Sex & the City: Fans get into character
They were fabulously single in the city - four intelligent, professional women living life and looking for love in New York.
Viewers tuned into the HBO series weekly to follow eclectic Carrie, sexy Samantha, career-driven Miranda and sweet Charlotte's taste in men, martinis and Manolos.
As a result, Sarah Jessica Parker became a fashion icon, influencing women to don nameplate necklaces, flower pins and newsboy caps.
To borrow a line from the movie, audiences will get "Carrie-d" away this weekend when the highly anticipated "Sex and the City: The Movie" hits the big screen.
Many, like the four Mississippi women we interviewed, plan to dress like their favorite character and attend the film.
Clinton native Jennifer Lindsey is an attorney for a chancery court judge in Greenville. Initially, you might think she's a Miranda, who is also a lawyer. But nope - she's a Charlotte, the more reserved of the group.
"Charlotte is a true romantic," Lindsey said. "She wants true love, a family, and she wants to get married. And despite her ups and downs - she was in a bad marriage - she still believes in love. In the end, she wound up with a man who represented everything she thought she didn't want, but love can find you in unexpected ways."
Ridgeland resident Michelle Shackelford, a 34-year-old mortgage loan underwriter, began watching the show's reruns a couple of years ago.
"The cashiers in the grocery store kept telling me that I looked like Charlotte, and I wanted to see what she looked like," Shackelford said. "I was like, 'Is that a compliment or a put-down?' After a few episodes, she was hooked on the Carrie/Big storyline. I just loved him, and I wanted to see them end up together."
But like the others, Shackelford identifies more with Charlotte than Carrie. "I think Charlotte's more conservative than the rest of them," she said. "She's more traditional."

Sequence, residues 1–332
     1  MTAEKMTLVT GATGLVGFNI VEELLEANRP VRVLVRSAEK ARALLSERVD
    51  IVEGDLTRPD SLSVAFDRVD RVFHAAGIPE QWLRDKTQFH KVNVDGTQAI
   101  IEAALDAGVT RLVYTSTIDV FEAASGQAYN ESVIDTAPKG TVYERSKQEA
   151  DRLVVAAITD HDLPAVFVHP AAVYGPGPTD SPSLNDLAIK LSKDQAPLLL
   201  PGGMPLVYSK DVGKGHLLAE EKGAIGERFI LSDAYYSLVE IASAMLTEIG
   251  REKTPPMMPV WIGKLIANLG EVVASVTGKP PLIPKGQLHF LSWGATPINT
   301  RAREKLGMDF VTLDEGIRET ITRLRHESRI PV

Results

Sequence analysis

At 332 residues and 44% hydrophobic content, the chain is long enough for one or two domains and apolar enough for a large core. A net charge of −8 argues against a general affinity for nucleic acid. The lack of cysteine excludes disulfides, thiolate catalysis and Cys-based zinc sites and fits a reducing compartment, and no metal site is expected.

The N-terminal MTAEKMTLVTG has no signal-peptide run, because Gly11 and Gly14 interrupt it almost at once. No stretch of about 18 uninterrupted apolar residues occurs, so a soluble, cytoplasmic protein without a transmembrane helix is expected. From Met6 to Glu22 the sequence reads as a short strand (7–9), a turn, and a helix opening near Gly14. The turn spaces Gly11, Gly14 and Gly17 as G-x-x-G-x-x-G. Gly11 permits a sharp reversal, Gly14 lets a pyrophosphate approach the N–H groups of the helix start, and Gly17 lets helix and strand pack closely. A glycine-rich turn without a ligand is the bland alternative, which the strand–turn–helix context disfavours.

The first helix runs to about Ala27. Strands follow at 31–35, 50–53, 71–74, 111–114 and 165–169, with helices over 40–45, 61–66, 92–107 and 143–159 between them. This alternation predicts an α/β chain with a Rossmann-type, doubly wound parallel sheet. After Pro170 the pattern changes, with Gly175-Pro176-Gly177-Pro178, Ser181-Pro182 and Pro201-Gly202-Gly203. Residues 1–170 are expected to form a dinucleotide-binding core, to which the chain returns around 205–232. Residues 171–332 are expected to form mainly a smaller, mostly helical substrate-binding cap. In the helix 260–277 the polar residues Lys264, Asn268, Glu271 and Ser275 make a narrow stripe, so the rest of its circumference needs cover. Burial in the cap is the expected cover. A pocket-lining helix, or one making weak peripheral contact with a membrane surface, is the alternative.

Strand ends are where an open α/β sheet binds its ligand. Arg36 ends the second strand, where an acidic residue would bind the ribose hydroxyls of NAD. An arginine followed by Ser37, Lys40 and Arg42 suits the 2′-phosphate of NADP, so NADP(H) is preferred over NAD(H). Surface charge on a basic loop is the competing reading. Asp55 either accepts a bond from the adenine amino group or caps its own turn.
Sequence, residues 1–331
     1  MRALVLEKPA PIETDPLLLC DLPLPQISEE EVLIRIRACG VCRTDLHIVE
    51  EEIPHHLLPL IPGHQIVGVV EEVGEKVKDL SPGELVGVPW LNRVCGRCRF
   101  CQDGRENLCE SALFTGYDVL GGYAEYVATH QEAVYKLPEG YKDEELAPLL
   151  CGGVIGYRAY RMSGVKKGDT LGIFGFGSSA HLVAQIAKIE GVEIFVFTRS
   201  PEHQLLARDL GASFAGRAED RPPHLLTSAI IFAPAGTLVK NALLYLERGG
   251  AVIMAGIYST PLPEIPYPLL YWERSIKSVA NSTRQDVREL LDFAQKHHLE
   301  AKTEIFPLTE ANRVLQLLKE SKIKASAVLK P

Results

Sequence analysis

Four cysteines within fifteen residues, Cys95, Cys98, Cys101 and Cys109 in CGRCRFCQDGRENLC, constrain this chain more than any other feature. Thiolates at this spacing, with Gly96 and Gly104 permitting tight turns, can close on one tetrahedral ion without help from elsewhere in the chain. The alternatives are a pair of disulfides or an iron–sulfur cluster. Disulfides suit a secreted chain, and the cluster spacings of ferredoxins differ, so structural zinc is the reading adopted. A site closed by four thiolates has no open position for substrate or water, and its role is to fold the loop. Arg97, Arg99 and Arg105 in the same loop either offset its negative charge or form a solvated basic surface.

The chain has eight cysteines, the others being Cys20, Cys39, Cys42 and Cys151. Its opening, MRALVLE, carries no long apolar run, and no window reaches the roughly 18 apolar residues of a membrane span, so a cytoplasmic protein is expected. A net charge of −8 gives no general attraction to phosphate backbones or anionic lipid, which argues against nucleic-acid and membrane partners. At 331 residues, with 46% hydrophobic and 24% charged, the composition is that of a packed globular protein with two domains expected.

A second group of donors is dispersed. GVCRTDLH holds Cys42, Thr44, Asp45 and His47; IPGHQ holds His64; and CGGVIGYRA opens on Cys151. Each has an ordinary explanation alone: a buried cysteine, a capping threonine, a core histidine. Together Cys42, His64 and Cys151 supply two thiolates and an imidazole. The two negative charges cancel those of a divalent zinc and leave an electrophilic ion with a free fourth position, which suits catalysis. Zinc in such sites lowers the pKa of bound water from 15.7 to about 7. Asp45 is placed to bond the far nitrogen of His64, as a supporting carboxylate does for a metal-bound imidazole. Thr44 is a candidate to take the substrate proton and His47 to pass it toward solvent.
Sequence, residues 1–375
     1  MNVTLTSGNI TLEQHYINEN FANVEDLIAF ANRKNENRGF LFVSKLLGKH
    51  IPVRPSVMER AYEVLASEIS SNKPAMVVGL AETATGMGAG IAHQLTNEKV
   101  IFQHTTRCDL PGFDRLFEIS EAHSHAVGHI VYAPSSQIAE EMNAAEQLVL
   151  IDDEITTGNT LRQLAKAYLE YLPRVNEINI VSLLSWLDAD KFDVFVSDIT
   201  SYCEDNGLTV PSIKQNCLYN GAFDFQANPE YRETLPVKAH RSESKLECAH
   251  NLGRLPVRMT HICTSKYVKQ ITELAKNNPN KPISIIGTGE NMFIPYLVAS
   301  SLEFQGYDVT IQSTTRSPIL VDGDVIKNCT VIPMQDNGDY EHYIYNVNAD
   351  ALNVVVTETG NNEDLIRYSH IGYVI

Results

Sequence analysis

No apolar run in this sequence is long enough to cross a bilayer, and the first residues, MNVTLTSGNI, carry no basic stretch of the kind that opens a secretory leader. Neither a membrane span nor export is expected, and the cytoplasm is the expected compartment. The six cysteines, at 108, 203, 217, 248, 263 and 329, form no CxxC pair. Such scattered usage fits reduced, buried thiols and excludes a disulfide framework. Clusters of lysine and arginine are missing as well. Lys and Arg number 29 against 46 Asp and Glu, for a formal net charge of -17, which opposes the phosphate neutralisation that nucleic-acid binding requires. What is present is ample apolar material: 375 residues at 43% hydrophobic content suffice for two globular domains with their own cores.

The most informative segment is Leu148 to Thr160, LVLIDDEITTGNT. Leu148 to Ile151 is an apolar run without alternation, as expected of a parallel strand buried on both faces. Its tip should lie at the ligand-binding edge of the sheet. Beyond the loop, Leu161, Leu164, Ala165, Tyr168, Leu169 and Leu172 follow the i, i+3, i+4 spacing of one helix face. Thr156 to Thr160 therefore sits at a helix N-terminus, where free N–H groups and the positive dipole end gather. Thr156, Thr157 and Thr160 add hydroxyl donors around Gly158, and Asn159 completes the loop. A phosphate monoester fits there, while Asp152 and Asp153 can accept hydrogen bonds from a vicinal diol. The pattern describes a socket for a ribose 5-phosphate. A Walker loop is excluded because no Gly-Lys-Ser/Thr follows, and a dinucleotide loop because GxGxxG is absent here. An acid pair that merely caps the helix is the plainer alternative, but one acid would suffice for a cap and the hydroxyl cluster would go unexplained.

Shackelford also has a similar fashion sense. "I'm more of an Ann Taylor kind of person," she said. "Charlotte is more of a toned-down, classic dresser."
Ridgeland resident Brookleigh Allen works as an office assistant at Baptist Medical Clinic in Madison while studying to be a nurse.
"I liked the show because you don't really hear a lot of girls on TV sitting around talking about stuff like they do," said the 21-year-old. "They say what everyone thinks and wants to say, and it just reminded me of my good friends. When you get with your girlfriends, you do talk."
She's also a Charlotte. "I like the fact that she wanted a baby so long and really likes kids," said Allen, who has a 2-year-old daughter named Ella. "Charlotte is more of the homemaker. She wants to be married and be the perfect mom and have the perfect house and family. I think that's what most of the girls I'm friends with want."
Like Charlotte, Allen owns several Polo shirts, pinstripe pants and never leaves home without her pearls. "It's rare if I do because they go with everything," she said.
Vicksburg native Melissa Dixon, 30, owns Blufish Design Studio in Starkville, where she works as a graphic designer. "I was part of a group of girls who got together about once a month for 'Sex and the City' night to watch the entire season on DVD," she said. "It took us about two years to get through all six seasons.
"It was a good girls night for us, as many of us stay busy with work and kids. ... We usually drank cosmos, but it was a good excuse to try other fun and fruity drinks."
The group finished the series last fall by playing the "Sex and the City" board game. "You make up your own questions," she said, "and you can make it as conservative or risque as you like."
Dixon and her gal pals will be attending the movie opening night. "Several of us have tossed around the idea of following the trend of the 'Star Wars' nerds and going to the midnight show all dressed up," she said.
Lindsey and her girlfriends will be doing the same. "We are going to get dressed up, have martinis and a good dinner, and speculate as to what has happened to all these characters in the interim since the last episode," she said. "We thought about having a contest to see if they could guess what has happened to the characters and maybe win a pedicure or something."
And just why are women so taken with the show? "I think the show introduced a lot of topics that were on the minds of single women in their 20s, 30s and 40s," Lindsey said. "It sparked a lot of conversations between me and my friends.
"The show is one of the few in which the cast is comprised mainly of women. No character is stupid or ditsy. Each woman is very successful in her chosen profession. I feel women shouldn't have to hide their intelligence to gain the attention of a man, but that message is rarely conveyed to today's young girls."
Lindsey said the show also resonated with women because the characters juggle love and life. "As wonderful as those women were, even they had hard times when it comes to finding the right guy, something I can personally attest to," she said. "I feel like no person can be all of Charlotte or a 100 percent of Miranda, but you know a lot of people who are like these people in some ways."